Why you are never old enough to be too old

I am so old. I've been working at the same job for eighteen years. What else can I do?  I am definitely too old.

This was my constant inner monologue. 

When I was twenty-two.

I was an actor, living in the epicenter of our youth-obsessed culture: Los Angeles. Other people might have defined me as "successful" but success was a mirage that inevitably dissolved every time it seemed like I could grasp it. I signed autographs while out at restaurants or late for my root canal. But I got to a point where the joy was drained out of me. I was barely old enough to order a cocktail, but I felt ancient and hollow.

I assumed that my existence would always revolve around movies. Since I was four, my life had been wardrobe calls, accent coaching, and craft services - acting became my identity. It was the only thing I knew how to do. 

It was who I was.

At the age of twenty-two, I realized that who I was - was mostly miserable. I was struggling with the rejection, the focus on physical appearance, the constant competition, and loss of privacy. I felt trapped in a world that I was supposed to love.

But I was too old to do anything else. It was too late for me.

It finally occurred to me that every time I said, "I'm old," it meant: I'm scared.

I was terrified to make a change and overwhelmed by all the things I thought I should have figured out already. I was exhausted by Hollywood. Used up. Washed up. Deeply frightened of my future.

I didn't know that I was just getting started. 

I had to leave L.A. and retire from acting learn that we are all allowed - even at the age of twenty-two - to write the script for our own lives. We get to set our own priorities. It was painful to face the fear that my only worth came from my resume. There is nothing inherently wrong with the acting profession, just as there is nothing inherently wrong with being a cardiologist or a professional snowboarder. It's just that none of those things was the authentic path for me. We all have the right to change our mind about who we want to be.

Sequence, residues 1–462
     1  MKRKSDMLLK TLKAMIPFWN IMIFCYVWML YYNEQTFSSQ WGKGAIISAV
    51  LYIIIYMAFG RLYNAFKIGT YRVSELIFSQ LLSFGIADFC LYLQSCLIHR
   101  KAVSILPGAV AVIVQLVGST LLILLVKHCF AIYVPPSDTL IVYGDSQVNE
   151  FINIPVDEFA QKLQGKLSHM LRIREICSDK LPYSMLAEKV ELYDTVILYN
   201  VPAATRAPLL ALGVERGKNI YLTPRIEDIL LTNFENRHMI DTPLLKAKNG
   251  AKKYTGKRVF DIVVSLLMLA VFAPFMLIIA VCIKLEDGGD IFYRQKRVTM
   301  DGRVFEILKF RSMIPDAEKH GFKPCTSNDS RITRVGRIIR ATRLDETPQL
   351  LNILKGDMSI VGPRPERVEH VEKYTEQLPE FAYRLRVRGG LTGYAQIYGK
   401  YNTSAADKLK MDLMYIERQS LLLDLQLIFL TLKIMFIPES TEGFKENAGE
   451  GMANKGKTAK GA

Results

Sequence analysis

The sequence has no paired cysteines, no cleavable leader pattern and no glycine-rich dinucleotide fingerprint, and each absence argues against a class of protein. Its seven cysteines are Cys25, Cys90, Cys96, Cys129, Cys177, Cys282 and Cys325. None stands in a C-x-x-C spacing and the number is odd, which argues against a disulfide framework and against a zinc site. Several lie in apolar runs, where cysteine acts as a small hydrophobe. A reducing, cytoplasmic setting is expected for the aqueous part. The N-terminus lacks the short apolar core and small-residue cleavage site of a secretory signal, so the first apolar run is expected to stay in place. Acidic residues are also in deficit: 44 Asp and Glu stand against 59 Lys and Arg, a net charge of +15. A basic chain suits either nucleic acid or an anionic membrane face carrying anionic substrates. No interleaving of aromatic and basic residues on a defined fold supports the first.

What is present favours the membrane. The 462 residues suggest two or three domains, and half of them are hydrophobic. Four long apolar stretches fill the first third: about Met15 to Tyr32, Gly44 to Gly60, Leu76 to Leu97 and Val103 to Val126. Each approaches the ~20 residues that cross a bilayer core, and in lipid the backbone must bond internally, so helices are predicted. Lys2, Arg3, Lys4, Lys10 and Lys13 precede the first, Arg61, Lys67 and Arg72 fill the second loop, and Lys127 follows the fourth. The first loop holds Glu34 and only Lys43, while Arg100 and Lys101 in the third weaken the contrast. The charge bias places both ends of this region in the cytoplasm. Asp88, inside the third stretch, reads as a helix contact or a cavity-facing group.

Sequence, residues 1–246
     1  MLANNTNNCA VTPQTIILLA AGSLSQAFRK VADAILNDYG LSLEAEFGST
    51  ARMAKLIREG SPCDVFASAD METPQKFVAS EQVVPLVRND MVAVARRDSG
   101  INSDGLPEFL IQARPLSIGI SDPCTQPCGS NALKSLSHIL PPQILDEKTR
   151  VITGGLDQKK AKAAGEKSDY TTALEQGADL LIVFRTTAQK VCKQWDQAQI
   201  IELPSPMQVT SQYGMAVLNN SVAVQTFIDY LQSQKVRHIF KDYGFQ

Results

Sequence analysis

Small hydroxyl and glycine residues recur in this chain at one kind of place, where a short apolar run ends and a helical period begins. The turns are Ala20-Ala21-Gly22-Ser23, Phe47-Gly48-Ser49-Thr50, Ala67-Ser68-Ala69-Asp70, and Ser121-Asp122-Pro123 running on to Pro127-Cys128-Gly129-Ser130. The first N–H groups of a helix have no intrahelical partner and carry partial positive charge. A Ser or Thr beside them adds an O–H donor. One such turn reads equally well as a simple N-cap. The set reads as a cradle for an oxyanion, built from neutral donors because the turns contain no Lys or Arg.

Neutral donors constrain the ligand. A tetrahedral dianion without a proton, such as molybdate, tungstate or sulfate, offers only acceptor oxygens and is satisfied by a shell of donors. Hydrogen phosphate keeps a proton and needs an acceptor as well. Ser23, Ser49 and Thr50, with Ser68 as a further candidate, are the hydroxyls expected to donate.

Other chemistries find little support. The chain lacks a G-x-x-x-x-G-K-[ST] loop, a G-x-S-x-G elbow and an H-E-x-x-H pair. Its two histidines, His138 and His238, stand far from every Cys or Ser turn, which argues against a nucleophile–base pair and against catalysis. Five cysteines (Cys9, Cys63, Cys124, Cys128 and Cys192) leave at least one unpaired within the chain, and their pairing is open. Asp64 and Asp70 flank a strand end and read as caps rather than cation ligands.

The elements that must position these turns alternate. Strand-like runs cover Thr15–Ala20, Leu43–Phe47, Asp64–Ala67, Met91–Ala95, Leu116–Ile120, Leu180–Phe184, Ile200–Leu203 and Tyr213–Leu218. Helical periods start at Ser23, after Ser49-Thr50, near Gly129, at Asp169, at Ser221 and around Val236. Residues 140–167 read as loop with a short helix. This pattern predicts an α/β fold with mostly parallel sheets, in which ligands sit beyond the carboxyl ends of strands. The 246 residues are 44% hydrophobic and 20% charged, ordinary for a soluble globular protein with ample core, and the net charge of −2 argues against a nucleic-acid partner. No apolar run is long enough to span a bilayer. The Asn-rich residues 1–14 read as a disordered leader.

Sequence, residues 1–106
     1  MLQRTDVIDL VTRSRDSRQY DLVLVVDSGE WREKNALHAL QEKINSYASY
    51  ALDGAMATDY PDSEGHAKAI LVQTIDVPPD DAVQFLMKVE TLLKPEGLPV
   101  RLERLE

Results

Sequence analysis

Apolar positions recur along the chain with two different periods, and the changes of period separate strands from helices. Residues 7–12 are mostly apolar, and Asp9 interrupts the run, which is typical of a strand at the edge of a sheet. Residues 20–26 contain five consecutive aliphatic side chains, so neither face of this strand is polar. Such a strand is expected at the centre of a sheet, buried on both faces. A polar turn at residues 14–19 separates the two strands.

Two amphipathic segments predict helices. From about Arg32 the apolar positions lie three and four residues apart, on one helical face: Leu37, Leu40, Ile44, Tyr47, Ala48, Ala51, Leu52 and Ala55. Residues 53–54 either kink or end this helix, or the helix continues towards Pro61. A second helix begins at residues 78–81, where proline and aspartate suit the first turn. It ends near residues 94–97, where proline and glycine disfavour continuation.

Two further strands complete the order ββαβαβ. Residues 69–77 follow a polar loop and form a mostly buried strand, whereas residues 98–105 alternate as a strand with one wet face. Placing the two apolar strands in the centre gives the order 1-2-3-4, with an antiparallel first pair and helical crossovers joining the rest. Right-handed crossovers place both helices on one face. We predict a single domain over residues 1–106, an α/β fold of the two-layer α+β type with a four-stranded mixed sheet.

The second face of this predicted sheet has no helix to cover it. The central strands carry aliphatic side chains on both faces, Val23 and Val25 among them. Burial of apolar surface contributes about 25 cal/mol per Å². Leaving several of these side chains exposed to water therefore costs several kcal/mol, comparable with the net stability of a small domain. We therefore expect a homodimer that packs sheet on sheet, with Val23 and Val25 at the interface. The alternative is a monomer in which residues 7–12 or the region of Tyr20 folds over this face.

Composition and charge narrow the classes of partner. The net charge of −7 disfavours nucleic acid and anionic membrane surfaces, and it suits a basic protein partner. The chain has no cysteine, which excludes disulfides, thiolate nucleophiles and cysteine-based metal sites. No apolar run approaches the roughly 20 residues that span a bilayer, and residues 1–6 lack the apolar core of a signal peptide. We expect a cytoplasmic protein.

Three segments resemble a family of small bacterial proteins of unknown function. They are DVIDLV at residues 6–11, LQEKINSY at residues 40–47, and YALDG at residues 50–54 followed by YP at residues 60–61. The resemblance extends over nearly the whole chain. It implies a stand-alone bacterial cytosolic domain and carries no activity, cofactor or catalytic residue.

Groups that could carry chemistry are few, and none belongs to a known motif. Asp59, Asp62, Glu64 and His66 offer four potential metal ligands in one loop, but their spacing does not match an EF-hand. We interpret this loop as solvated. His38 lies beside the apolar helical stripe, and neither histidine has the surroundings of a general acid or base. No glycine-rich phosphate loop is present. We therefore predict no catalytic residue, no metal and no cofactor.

I am now 37 years old. I really like being 37 years old. 

I can see the world in a larger context now. It's not all about me and my problems. I have more grounding in who I am and what I want to contribute to the world. I no longer feel the need to impress the right people and wear fancy shoes I can't walk in. I don't need to adhere to someone else's definition of success. That's the reward I got for surviving my twenties.

Of course, there will be times when we all get lost in moments of panic and insecurity. We might obsess about our past heartbreaks, our uncertain future and our hair that won't behave itself for even one damn minute. But we don't have to live in that place of painful mental anguish. We can just wander through every once in a while, visiting that dark, sketchy neighborhood, and then we can quickly remember the route home. We can choose to live in a place that is a little kinder and more compassionate.

I'm married to my best friend, a man who has known me for more than half my life. He knows to open the car window on curvy roads because I get motion sickness, and he can talk me down from a nightmare at 3 am without actually waking me up. He knows I love alliteration and hate raisins. We get all these beautiful moments for one reason - time. We've had time together that creates this bond and understanding. 

Time brings experience. Wisdom. Clarity. Whether we are twenty-two or thirty-seven or eighty-six, we get to wake up every morning and decided how we want to engage with life. We are never too old, or too young, to be who we were meant to be. We just tend to forget that we’re that powerful. 

Instead of picking on ourselves and avoiding every mirror, maybe we feel gratitude for the body that has hugged crying friends. The crow’s feet that resulted from late night giggle fits. The grey hair that was earned, while desperately waiting to hear the car pull into the driveway safely. The mature mind that realized that the high school boyfriend with the fondness for Goldschläger wasn't actually our soulmate. The years that have offered the chance to understand what the world needs and how we can use our inherent talents to shine a light. 

Regardless of our age, let's not be ungrateful for our lives. Let's not be paralyzed by all the things we haven't done, and let's look at what we can do today. Let's not feel old or desperately attempt to be young.

Let's wake up and simply embrace who we are – because that is truly courageous.

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Never enough: growing up airbrushed

bags I recently found this headshot from when I was 16 years old.

The blue pen marks indicate the parts of me that should be airbrushed.

That's the world I grew up in.

Even at 16, I had to be fixed, airbrushed and prettied up. I was never quite good enough as I was.